My husband sent me a link to a short Ted Talks video about aging. After watching it, I’m wondering if I’ve been going about aging the wrong way.
The video is about an inspiring woman, Olga Kotelko, who took up amateur track and field at the age of 77. At age 91, she was competing in the long jump! She had more than 50 world records!
How did she think …
read on I’ve been AWOL on the blog for a couple of weeks because my 93-year-old father has been hospitalized with multiple health issues. Each day brings us a mixed bag of improvement and decline.
As a family, we are in agreement that we don’t want Dad to suffer. We don’t want him to linger with a low quality of life. Although he is confused and unable to communicate with us, we …
This is an addendum to
yesterday’s post about Ebola. I wish I had seen this first, because really he says it all. In only 3 minutes. FN Start the conversation early
There’s an ongoing joke in health care circles that
“Scientific studies continue to show that 100% of Americans eventually die.”
And yet, judging by
, we make every effort to deny that eventuality. the amount of money spent on medical care in the last 6 months of life
It seems that no matter how much money you use during that last year/month, if the person is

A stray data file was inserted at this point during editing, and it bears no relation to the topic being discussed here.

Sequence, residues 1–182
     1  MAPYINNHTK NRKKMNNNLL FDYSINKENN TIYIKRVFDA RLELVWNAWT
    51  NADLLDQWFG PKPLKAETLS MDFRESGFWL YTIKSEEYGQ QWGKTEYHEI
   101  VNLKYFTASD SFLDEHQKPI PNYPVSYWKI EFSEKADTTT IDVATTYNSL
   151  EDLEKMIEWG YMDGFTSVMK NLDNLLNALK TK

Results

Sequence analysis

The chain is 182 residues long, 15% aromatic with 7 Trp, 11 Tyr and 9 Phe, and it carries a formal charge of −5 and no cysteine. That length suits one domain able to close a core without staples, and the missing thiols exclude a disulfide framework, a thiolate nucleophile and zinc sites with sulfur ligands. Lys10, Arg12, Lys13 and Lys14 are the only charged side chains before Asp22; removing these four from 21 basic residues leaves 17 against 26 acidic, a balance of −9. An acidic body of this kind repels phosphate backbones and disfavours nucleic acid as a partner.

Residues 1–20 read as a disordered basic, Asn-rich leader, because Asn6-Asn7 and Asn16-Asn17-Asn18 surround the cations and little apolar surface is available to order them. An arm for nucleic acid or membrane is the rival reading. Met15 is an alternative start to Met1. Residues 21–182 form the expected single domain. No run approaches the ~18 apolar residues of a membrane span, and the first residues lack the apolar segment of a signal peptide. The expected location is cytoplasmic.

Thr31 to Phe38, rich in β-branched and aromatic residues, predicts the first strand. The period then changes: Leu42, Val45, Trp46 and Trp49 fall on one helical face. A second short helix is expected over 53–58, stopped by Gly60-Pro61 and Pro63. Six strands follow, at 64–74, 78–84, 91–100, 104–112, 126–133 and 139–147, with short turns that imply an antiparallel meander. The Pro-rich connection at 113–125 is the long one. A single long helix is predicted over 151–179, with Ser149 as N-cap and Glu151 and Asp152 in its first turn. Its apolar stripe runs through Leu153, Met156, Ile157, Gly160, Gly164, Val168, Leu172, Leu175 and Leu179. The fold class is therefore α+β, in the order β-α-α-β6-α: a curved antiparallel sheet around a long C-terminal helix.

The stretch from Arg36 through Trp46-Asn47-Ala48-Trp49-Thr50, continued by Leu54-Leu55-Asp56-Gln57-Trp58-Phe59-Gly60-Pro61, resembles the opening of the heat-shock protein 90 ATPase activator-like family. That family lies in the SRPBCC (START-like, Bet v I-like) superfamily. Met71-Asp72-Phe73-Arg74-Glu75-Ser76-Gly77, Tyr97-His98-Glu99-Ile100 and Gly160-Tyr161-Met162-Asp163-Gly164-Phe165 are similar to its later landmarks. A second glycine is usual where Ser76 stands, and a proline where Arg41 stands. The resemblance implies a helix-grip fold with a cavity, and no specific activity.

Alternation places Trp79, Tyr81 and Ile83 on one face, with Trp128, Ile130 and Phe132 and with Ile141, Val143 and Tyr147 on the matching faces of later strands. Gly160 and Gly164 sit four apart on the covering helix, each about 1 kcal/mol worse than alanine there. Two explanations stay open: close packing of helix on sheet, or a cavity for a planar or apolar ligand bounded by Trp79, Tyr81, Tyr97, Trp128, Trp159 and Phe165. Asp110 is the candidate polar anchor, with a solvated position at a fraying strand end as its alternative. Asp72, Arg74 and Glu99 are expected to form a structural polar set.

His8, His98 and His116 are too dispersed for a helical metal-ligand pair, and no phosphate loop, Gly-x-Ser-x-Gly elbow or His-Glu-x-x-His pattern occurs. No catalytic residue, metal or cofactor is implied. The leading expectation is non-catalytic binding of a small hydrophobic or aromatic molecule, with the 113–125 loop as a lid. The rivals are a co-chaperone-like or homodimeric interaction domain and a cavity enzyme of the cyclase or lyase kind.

read on The what?
No, it’s not a new main dish like the
turducken or tofurkey.
A churkendoose is the imaginary barnyard creature created for a children’s story by Ben Ross Berenberg in 1946. A definite oddball, it’s part chicken, turkey, duck and goose.
Sadly out of print,
The Churkendoose was a popular Golden Book and 45-rpm record that delighted several generations of children and their parents. Beautifully orchestrated, the 9-minute … read on Farewell to a beloved husband and father
Today I am in Idaho attending the memorial service of my father-in-law.
He passed away two weeks ago at the age of 85, after suffering for several years from declining health and increasing dementia. His wife of 59 years and all four of his children were at his bedside when he died.
Death is not pretty, but neither is childbirth. Both involve pain, …
read on The depression epidemic
I posted last week that
prescriptions for antidepressants and anti-anxiety medications have soared in the last 20 years.
I like to blame the pharmaceutical companies that reap the huge profits, but the relentless output of bleak news from the media sure doesn’t help. Political scandals and inertia, the economic roller coaster, global warming (or do we call it climate change?) resulting in natural disasters, terrorists, international crises, …
read on The unloved woman
I recently read two books that provoked my thoughts. The first was
by Dr. Eric Manheimer, the medical director of what is probably the largest public hospital in America. Twelve Patients: Life and Death at Bellevue Hospital
Located in New York City, Bellevue sees patients from all demographics—incarcerated, homeless, undocumented, uninsured, mentally ill, addicted—and treats the worst trauma cases in the city.
Dr. Manheimer sees it all, …
read on Sleep cycle tracking apps
Have you ever been wrenched out of a deep sleep by your alarm clock? Or been in such a deep sleep that you slept right through the &#%!@ alarm?
When this happens to me, I wake up feeling groggy and sleep deprived, even if I slept “enough” hours the night before.
Other mornings when the alarm goes off I am full of energy, feeling well rested …